On Friday I was feeling quite down in the dumps about what had happened. At lunchtime a few of the kids I had been teaching for the last few weeks called me over to the table to chat. One of the boys told them with a sad look on his face that I had been robbed. They all turned sad and were very angry this had happened, because $250 is around 4 months worth of wages for their families. As more kids came around the table to hear the story, the amount of sadness rose. I started crying as it touched me how much they cared about me, and how empathetic they were. During lunch one of the kids used her pocket money to buy me an ice cream, even though I had sent her to the office a couple of times that week. Good to see they don’t hold grudges.
In the morning I had asked our Director if I could store my furniture in the spare room at the Young Adult House until I found a new apartment, and he said yes. So, at 1pm, after our tuk tuk driver had returned from taking the afternoon kids to school, I rode on the back of my workmate Sreylin’s moto with our intern Sven, riding his bike next to us, and our tuk tuk drive following us. When we reached the apartment, there was a foul stench inside. I hadn’t done the dishes in a few days, and I knew I would not be bothered bringing them back to the PURE! office and cleaning them, so I told our tuk tuk driver he could get his wife to clean them and keep them. He was over the moon. Whilst the men took out my furniture, Sreylin and I talked to the landlord about the $83.25 bill they had given me the night before. She explained that since I paid a $60 deposit, I only had to pay $23.25, and once the lady agreed, I paid and we got out of there.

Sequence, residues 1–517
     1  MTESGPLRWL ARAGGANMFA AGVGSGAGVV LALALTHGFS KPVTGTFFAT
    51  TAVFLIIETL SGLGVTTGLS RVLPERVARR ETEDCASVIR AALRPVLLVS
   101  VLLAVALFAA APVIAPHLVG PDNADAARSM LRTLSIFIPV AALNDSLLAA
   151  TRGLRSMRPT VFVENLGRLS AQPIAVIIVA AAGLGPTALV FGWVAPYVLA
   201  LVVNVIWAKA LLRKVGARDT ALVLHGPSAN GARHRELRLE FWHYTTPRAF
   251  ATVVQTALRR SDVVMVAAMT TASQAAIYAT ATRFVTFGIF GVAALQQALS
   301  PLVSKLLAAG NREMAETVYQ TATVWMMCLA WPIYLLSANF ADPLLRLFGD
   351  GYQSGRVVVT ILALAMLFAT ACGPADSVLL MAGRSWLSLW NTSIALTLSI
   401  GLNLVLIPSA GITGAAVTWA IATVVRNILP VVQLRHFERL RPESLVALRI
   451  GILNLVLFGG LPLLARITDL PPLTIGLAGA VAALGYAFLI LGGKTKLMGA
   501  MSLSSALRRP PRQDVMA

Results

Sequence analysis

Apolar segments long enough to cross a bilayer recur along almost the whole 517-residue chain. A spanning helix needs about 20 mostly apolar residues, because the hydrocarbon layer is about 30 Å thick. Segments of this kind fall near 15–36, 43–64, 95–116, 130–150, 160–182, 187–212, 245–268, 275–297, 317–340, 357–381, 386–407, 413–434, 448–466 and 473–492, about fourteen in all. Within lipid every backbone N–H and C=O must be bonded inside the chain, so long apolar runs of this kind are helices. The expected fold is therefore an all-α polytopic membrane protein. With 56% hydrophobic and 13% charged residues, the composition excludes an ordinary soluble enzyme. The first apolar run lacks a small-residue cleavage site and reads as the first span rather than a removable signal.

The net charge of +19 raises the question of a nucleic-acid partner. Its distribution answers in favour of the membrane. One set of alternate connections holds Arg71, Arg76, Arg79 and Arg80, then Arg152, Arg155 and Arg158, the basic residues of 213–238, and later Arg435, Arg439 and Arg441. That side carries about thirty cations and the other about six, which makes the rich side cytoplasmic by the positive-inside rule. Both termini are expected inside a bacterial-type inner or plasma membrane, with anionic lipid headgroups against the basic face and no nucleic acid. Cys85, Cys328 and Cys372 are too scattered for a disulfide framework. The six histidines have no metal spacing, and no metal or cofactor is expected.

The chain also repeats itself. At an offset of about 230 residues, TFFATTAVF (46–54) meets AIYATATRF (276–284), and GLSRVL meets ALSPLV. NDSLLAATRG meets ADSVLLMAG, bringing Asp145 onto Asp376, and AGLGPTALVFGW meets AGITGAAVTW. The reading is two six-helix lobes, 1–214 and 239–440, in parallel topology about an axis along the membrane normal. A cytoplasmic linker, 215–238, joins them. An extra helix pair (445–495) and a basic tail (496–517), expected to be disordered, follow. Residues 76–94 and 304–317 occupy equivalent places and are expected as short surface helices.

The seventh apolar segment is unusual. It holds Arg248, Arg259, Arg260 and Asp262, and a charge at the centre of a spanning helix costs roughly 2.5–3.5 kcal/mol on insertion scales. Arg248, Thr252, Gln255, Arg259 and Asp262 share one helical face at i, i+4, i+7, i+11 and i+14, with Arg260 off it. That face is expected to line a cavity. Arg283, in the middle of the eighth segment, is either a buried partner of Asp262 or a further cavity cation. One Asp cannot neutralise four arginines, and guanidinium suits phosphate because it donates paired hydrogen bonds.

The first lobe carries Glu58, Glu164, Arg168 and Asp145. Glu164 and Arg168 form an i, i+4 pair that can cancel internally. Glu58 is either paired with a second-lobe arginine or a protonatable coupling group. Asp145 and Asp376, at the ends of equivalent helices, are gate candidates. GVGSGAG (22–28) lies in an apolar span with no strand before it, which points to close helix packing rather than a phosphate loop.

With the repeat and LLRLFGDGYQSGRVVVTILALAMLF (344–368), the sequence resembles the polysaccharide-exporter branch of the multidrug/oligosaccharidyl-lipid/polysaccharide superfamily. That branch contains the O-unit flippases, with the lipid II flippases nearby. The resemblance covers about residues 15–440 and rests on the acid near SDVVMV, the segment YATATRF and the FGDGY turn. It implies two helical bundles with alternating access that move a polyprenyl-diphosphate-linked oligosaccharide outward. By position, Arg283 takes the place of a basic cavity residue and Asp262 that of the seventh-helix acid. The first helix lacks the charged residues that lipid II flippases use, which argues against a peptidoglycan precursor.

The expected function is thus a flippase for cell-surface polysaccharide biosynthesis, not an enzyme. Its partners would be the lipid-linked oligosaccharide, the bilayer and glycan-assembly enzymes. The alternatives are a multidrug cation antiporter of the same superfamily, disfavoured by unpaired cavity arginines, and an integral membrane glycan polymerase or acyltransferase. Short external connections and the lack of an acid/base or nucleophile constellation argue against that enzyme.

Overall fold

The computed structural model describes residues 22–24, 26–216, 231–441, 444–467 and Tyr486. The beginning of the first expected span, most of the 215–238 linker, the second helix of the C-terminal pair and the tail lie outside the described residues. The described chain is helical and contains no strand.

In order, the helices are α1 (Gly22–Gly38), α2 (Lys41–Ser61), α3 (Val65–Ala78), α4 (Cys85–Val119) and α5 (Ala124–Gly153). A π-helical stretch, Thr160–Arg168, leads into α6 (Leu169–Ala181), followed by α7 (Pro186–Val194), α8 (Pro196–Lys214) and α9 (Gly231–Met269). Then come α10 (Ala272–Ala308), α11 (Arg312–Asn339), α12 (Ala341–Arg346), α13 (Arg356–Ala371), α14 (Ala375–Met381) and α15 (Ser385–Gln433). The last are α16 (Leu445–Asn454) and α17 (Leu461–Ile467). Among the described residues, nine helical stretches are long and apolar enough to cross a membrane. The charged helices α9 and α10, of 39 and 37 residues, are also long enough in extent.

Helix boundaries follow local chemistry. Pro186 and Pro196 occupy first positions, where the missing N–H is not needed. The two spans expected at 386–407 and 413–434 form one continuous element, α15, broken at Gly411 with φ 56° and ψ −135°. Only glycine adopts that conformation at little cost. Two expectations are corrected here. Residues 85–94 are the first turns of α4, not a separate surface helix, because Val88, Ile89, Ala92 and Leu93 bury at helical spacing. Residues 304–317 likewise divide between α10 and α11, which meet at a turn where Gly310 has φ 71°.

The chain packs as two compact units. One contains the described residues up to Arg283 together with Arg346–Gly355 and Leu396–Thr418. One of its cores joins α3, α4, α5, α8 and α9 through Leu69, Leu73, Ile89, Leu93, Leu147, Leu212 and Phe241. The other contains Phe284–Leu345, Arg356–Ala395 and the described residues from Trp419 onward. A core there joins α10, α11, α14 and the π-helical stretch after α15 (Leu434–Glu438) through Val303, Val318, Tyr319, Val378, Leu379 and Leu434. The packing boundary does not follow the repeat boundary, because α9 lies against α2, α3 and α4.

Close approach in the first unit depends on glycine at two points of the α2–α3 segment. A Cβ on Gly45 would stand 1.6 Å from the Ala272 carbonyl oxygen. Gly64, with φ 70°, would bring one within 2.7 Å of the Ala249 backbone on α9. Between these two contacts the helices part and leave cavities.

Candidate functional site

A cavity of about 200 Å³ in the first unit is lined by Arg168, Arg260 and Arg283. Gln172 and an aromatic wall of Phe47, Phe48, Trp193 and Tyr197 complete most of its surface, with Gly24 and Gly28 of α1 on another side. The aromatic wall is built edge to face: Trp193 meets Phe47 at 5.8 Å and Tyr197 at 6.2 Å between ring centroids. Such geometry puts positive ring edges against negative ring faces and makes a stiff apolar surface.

The ride to the Young Adult House was an interesting one, as there is a small, rickety bridge you have to pass over. Unfortunately, there is no other way to get there, and the bridge is so dangerous that I never even ride my bike over it anymore. With our tuk tuk driver riding ahead of us, with all my belongings inside, I called out to him to stop, and to not go over the bridge. He didn’t listen, and he rode over the rickety bridge, with my heart beating and me screaming “nooooooo”. Luckily, he made it over the bridge, but I made Sreylin let me get off the moto so I could walk over it. We unpacked at the Young Adult House, and one of the boys asked if he could use my fridge. I said “sure, as long as you pay for the electricity”. He decided it was best not to.
On the way back to Anjali, our tuk tuk driver once again went over the bridge, and I had my eyes closed the whole time, as I couldn’t bear the though of seeing him fall through the bridge. I once again told Sreylin to stop, so I could walk over the bridge, but she went over, with me screaming on it. I safely made it over, not to worry.
Since people have found out what happened, they have been sending me well wishes, and one of my friends even sent me money. It is amazing how, no matter where you are in the world, people are always willing to help. Our cleaner at Anjali even said (in Khmer, I got it translated), that she was very sorry for what had happened and she could help me move if I wanted. So sweet. Our tuk tuk driver even said I could stay at his place, however since there are 8 of them already living in a small 2 bedroom house, it might not be the best thing for me.
Thanks to everyone who has expressed their concern, but not to worry about me! Time to start apartment hunting, hopefully at not much extra cost!